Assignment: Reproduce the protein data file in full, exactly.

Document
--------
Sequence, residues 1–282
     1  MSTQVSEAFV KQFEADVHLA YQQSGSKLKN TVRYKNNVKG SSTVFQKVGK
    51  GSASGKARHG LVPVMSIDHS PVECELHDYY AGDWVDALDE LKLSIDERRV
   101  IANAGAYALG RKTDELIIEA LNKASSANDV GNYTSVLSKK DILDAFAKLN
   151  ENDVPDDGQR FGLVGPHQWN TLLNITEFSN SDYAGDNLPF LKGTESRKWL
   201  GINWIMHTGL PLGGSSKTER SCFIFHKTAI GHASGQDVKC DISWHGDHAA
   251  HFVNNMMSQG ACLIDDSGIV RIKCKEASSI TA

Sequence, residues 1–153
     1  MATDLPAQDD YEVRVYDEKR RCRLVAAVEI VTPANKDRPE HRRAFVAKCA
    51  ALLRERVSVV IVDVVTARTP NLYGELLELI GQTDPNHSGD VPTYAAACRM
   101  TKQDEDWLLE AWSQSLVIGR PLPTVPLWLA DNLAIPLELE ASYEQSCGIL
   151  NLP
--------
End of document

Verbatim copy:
Sequence, residues 1–282
     1  MSTQVSEAFV KQFEADVHLA YQQSGSKLKN TVRYKNNVKG SSTVFQKVGK
    51  GSASGKARHG LVPVMSIDHS PVECELHDYY AGDWVDALDE LKLSIDERRV
   101  IANAGAYALG RKTDELIIEA LNKASSANDV GNYTSVLSKK DILDAFAKLN
   151  ENDVPDDGQR FGLVGPHQWN TLLNITEFSN SDYAGDNLPF LKGTESRKWL
   201  GINWIMHTGL PLGGSSKTER SCFIFHKTAI GHASGQDVKC DISWHGDHAA
   251  HFVNNMMSQG ACLIDDSGIV RIKCKEASSI TA

Sequence, residues 1–153
     1  MATDLPAQDD YEVRVYDEKR RCRLVAAVEI VTPANKDRPE HRRAFVAKCA
    51  ALLRERVSVV IVDVVTARTP NLYGELLELI GQTDPNHSGD VPTYAAACRM
   101  TKQDEDWLLE AWSQSLVIGR PLPTVPLWLA DNLAIPLELE ASYEQSCGIL
   151  NLP